You’d be hard pressed to find a person in the world who doesn’t know a Queen song. The band’s frontman, the late Freddie Mercury, was the ultimate performer. A larger-than-life stage presence, a voice unmatched by anyone before him, or anyone since, his songs and performances appealed to people from all walks of life and continue to resonate with every generation since his death in 1991. Mercury was an openly gay man who championed gay rights in a time when gays were despised by the masses and AIDS was rampant.
Mercury was more than just a singer. As well as busting out his unique moves on stage while performing with Queen, he had a passion for dance — in particular, ballet. In 1979, Mercury performed with The Royal Ballet in London. Despite never having done ballet before, he danced to his own songs with skill in front of a full house of balletomanes. He received a standing ovation.
When casting the role of Mercury in the world’s premier Queen tribute show, Queen–It’s A Kinda Magic, it was important to find someone who not only could replicate his amazing vocals and impressive stage presence, it was essential that the performer imbued Mercury’s love for dance and could bring that to audiences.
Queen–It’s A Kinda Magic hits Australia in July and brings to life the costumes, instruments and lighting cues of those seen in real Queen concerts. The show recreates Queen’s 1986 World Tour concert and features all of the band’s greatest hits performed live, including “We Will Rock You”, “Bohemian Rhapsody”, “We Are the Champions” and “Fat-Bottomed Girls”. The star of the show is the UK’s Giles Taylor.
Dance Informa spoke with Taylor on the eve of his performances in Australia.
Were you a fan of Freddie Mercury growing up?
“I was a big fan of classic rock and loved the energy of bands such as Led Zeppelin and The Who. My exploration of other bands in the genre inadvertently led me to the majesty of Queen and the genius of Freddie Mercury. Once I heard them, I was hooked.”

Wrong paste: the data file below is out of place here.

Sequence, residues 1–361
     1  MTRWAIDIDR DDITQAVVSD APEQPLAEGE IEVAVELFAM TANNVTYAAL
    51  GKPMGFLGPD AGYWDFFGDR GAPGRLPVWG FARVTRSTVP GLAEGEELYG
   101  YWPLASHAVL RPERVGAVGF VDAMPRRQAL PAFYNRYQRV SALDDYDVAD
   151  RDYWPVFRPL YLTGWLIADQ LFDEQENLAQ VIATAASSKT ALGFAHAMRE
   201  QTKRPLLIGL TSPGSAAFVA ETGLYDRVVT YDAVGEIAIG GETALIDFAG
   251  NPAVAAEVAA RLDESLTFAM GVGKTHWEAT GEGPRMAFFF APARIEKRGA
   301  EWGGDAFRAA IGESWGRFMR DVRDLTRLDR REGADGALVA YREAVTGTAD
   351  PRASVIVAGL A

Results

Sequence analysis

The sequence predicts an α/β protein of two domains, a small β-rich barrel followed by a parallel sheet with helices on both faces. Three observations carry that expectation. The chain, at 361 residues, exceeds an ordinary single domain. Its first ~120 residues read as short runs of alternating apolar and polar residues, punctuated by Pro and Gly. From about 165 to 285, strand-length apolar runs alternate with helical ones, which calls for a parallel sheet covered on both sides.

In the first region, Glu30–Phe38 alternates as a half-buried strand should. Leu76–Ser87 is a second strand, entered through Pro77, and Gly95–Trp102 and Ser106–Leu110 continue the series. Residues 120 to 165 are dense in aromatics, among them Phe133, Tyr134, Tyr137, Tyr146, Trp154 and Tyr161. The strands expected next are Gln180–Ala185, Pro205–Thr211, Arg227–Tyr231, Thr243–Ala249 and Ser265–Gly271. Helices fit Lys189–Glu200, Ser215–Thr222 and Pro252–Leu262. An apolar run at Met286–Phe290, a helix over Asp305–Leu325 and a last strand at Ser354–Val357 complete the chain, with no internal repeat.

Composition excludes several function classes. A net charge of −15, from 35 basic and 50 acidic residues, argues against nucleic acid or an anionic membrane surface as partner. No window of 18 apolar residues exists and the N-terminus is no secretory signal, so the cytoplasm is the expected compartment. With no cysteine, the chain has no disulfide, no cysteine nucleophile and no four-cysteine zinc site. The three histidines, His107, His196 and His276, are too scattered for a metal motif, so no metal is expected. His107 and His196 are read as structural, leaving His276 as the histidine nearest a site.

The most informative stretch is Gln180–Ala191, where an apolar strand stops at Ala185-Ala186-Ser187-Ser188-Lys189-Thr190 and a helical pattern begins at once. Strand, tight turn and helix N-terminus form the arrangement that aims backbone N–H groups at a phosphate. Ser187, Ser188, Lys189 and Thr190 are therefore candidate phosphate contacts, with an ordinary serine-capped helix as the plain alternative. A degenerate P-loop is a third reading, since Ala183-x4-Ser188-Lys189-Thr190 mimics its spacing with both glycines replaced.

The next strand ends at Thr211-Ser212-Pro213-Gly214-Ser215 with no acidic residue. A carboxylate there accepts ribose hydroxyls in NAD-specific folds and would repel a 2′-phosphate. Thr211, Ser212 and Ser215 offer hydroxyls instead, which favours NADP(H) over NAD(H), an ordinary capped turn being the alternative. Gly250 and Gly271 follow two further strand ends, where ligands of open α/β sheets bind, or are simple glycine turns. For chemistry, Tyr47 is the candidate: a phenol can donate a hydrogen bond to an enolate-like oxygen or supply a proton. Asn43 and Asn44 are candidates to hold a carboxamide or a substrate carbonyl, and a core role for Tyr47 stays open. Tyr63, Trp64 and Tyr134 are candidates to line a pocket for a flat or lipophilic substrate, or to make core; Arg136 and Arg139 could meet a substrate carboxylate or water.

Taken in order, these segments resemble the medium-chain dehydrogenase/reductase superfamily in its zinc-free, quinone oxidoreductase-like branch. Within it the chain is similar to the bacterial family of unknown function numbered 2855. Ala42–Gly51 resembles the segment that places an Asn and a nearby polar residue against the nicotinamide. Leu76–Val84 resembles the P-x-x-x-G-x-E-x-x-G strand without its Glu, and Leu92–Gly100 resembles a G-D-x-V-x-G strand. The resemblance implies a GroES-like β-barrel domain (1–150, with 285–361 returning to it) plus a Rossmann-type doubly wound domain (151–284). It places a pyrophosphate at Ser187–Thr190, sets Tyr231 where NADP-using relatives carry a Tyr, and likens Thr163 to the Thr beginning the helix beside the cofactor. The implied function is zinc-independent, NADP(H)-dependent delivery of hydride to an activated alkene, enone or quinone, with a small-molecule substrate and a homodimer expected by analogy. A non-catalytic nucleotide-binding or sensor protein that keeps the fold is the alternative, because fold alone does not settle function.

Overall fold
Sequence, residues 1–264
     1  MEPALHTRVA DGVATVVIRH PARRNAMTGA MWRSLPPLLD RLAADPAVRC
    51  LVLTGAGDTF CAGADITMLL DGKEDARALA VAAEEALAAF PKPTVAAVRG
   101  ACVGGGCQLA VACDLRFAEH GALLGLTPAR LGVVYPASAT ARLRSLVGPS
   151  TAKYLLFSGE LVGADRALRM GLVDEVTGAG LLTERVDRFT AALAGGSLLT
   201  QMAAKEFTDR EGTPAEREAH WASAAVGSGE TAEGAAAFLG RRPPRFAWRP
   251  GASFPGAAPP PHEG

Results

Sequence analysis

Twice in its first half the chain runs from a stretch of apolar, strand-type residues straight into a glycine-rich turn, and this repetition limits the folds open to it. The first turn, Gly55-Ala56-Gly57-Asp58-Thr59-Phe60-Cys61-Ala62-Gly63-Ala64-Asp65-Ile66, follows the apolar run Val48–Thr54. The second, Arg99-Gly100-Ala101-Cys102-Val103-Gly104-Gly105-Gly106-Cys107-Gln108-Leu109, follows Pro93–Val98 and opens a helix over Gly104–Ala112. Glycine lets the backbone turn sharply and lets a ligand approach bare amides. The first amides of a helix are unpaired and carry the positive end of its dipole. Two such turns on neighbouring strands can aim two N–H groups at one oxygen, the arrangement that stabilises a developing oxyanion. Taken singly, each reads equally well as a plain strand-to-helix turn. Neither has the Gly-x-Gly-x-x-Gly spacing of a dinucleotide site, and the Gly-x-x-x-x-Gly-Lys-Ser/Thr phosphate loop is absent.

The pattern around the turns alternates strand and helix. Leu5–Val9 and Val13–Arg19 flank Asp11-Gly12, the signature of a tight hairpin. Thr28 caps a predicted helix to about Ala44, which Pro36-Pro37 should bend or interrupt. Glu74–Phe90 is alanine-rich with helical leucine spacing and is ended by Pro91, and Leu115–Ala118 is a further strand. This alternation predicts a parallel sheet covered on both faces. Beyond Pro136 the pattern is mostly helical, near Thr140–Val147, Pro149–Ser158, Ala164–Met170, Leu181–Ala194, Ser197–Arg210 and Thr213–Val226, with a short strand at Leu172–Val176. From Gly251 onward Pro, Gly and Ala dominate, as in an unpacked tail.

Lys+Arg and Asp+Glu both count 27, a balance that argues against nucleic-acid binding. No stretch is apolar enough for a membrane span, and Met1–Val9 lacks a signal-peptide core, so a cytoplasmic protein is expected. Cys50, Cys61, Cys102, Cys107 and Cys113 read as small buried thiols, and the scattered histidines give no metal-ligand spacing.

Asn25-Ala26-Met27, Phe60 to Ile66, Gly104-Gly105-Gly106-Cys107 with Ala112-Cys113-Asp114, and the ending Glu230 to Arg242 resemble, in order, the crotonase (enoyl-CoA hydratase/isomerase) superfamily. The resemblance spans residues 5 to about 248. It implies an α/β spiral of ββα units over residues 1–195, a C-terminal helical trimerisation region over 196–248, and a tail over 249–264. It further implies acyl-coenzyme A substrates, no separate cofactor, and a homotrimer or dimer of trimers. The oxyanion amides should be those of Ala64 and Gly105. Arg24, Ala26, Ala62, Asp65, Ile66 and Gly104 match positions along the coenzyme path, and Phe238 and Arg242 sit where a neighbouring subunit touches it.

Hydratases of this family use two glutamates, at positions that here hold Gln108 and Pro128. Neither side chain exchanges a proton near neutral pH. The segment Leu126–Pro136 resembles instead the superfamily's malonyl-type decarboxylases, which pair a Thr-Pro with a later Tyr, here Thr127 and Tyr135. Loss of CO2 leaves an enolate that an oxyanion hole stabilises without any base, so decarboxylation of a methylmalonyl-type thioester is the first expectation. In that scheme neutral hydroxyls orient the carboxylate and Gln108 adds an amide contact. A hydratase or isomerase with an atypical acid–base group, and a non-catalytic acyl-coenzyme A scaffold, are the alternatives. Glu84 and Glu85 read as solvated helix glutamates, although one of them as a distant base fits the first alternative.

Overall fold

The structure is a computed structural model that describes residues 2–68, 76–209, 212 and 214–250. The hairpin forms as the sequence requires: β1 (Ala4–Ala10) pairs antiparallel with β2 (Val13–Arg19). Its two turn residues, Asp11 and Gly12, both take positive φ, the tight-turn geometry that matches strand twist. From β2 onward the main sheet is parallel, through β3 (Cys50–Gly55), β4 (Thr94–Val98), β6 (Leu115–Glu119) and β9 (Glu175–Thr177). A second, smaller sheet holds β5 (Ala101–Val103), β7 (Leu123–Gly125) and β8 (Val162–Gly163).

You have an impressive and varied career in music. What is it about performing in Queen-It’s A Kinda Magic that is so challenging?
“I think every performer should take a variety of roles to develop their skills and constantly be in a position where they are challenging themselves. This role in particular for me was tricky due to the vocal stylings of Freddie’s voice and the unnatural, yet captivating, way in which he moved around the stage. Making these movements look natural and un-choreographed was the biggest challenge.”
Freddie Mercury was renowned for strutting and dancing on stage. How difficult has it been to emulate those moves?
“Very! The manner in which he moved his body when singing, and even at the piano, is contrary to everything I had ever been taught. There was a lot of unlearning methods and techniques before I could re-learn them the way that Freddie did them.”
Did you have any dance training either in the past or in preparation for this role?
“I’m an experienced musician, singer and actor, but I’ll be the first to admit that dancing is definitely not my strong point. To this end, we enlisted the help of movement coaches as opposed to choreographers in order to nail Freddie’s mannerisms. This makes it a lot more natural on stage and supplies me with a tool-box of poses and moves that I can incorporate wherever and whenever I feel Freddie would have done so.”
What is your favourite Queen song to sing?
“My favorite is definitely ‘Good Old Fashioned Lover Boy’. I believe it’s one of the best songs they have ever written. It has a certain Noel Coward, vaudeville-esque charm to it.”
How do you get into the zone for a performance?
“Outside of the usual vocal and physical warm-ups, I consume my pre-show hours with something that has nothing to do with the show. I might read, watch an episode of some serial or just hang out with the other members of the band. I don’t believe in pre-show rituals or last-minute rehearsal. If you don’t know the show backward by now, then you’ve not rehearsed enough. If you do all the work in rehearsal, regardless of how long it takes, then you can focus much better on the little nuances of the character rather than song lyrics or chord structures. It’s these little things that define a great performance from a good one.”
Visit www.itsakindamagic.com for ticketing and further information.
|8pm on 8th July||Melbourne||The Athenaeum Theatre||Via Ticketek or the Box Office|
|8pm on 9th July||Melbourne||The Athenaeum Theatre||Via Ticketek or the Box Office|
|8pm on 29th July||Gold Coast||Jupiters Hotel and Casino||Via Ticketek or the Box Office|
By Rebecca Martin of Dance Informa.